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Legislative Win Gives House Edge To GOP, Craddick

AUSTIN (AP) – A late legislative win for Republicans seems to have secured the GOP majority in the state House, if only by a razor-thin 2-seat margin.

With a crowded field of candidates and no clear alternative to Republican House Speaker Tom Craddick, the narrow 76-74 majority appears to give momentum back to Craddick in the volatile speaker’s race – and all but guarantees the next speaker will not be a Democrat.

“Speaker Craddick is extremely organized and very good at what he does,” said Democratic former state Rep. Sherri Greenberg, now a fellow at the University of Texas at Austin’s Center for Politics and Governance.

Until Tuesday, all eyes had been fixed on the Irving seat held by Republican Rep. Linda Harper-Brown. But after the count of overseas and provisional ballots was completed late Monday, the incumbent held a 20-vote lead over her Democratic challenger.

If the late count had turned in the Democrat’s favor, it would have meant an even 75-75 split in the House. Now, it seems the race is Craddick’s to lose.

“Up to this point, they’ve been waiting to see what happened to the Harper-Brown seat in Irving,” Greenberg said. “I do think that (Craddick’s foes are) going to have to get organized quickly around a single opponent.”

But disarray, rather than organization, seemed to prevail for the group known as ABCs – Anybody But Craddick.

His Republican and Democratic opponents are divided and, as yet, unable to coalesce behind one of the three Republican or four Democratic alternatives to the powerful speaker. It’s much the same scenario the ABCs were in last year, when they twice tried and failed to oust Craddick from the post.

Craddick’s detractors have long complained that he rules the chamber like a dictator and strongarms lawmakers into obedience. The chaos came to head during last year’s legislative session, which ended with Craddick surviving a bitter attempt to overthrow him.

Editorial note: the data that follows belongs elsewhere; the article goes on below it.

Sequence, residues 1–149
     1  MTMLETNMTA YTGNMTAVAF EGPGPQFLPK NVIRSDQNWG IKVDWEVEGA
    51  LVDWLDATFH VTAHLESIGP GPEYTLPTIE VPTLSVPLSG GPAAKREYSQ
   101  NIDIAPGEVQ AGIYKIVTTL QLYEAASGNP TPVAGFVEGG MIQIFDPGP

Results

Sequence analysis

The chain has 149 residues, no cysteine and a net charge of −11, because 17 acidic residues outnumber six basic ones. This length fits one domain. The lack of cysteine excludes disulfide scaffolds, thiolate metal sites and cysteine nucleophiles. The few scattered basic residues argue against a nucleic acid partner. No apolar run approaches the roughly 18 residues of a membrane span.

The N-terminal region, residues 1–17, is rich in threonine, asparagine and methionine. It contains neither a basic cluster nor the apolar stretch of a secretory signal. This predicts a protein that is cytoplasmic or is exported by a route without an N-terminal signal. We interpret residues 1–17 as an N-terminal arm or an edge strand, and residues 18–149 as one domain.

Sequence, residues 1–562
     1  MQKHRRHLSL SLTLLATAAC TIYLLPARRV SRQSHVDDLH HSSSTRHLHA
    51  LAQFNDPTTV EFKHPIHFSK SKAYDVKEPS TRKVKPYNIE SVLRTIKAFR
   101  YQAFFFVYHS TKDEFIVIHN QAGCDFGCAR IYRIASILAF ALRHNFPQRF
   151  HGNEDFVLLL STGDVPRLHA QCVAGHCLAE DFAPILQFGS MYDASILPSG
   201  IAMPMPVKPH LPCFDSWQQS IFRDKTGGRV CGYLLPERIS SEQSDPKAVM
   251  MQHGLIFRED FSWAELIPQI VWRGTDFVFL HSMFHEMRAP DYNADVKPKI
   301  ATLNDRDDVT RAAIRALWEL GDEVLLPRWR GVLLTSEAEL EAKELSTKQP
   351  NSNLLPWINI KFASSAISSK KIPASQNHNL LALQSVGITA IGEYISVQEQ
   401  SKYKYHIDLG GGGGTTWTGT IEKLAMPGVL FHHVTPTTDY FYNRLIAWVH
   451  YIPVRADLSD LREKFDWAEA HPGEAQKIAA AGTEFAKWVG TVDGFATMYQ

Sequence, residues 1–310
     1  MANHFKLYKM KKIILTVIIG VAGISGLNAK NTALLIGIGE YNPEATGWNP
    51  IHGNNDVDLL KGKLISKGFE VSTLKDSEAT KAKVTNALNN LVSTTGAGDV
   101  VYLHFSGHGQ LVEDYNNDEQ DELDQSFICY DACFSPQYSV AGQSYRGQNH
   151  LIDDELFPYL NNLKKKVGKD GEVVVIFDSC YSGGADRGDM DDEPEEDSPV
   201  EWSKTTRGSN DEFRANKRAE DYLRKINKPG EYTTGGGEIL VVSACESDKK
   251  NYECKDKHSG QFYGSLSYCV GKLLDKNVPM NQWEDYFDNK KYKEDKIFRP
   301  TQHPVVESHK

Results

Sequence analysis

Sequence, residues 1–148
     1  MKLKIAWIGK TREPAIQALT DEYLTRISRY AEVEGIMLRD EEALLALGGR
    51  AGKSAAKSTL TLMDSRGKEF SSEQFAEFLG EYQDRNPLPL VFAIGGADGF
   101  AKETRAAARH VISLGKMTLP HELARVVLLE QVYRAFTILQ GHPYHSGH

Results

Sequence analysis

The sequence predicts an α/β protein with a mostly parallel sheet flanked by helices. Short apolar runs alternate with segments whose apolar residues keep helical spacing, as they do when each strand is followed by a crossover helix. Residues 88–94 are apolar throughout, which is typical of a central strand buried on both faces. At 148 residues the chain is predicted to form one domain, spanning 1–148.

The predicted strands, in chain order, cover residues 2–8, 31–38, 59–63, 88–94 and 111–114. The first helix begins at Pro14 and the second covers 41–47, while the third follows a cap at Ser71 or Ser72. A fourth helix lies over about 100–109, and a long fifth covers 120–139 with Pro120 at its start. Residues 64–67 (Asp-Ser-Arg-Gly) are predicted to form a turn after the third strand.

Rep. Mike Hamilton, R-Mauriceville, supported Craddick in 2007 but calls himself “undecided” heading into the 2009 session. Still, Hamilton predicted Craddick would keep the gavel.

“It’s too young, too early to know what’s going on,” Hamilton said, when asked who he was supporting. “I think (Craddick) is going to win. I think the numbers are just in his favor.”

The 150-member chamber will choose their leader with a vote during the first week of the legislative session, which begins Jan. 13.

Thirteen of Craddick’s allies released a letter reaffirming their support over the weekend. In the letter, they praised Craddick for the accomplishments during his tenure, including balancing the budget without raising taxes and bringing added transparency to the state budget.

While elections are rarely overturned, some uncertainty remains.

Harper-Brown’s Democratic opponent, Bob Romano, said he was “heavily leaning” toward requesting a formal recount.

“In order to do justice to the process, it’s something that needs to be done,” Romano told The Associated Press. “It removes all doubt then.”

Last week’s elections gave Democrats a three-seat gain in the House, narrowing their minority status to within two seats.

In the last five years, Republicans have squandered a 26-seat majority that had given them free rein in the chamber and made Craddick the first Republican speaker in modern times.

By APRIL CASTRO, Associated Press Writer

Associated Press writer Jay Root contributed to this report.

(Copyright 2008 by The Associated Press. All Rights Reserved.)

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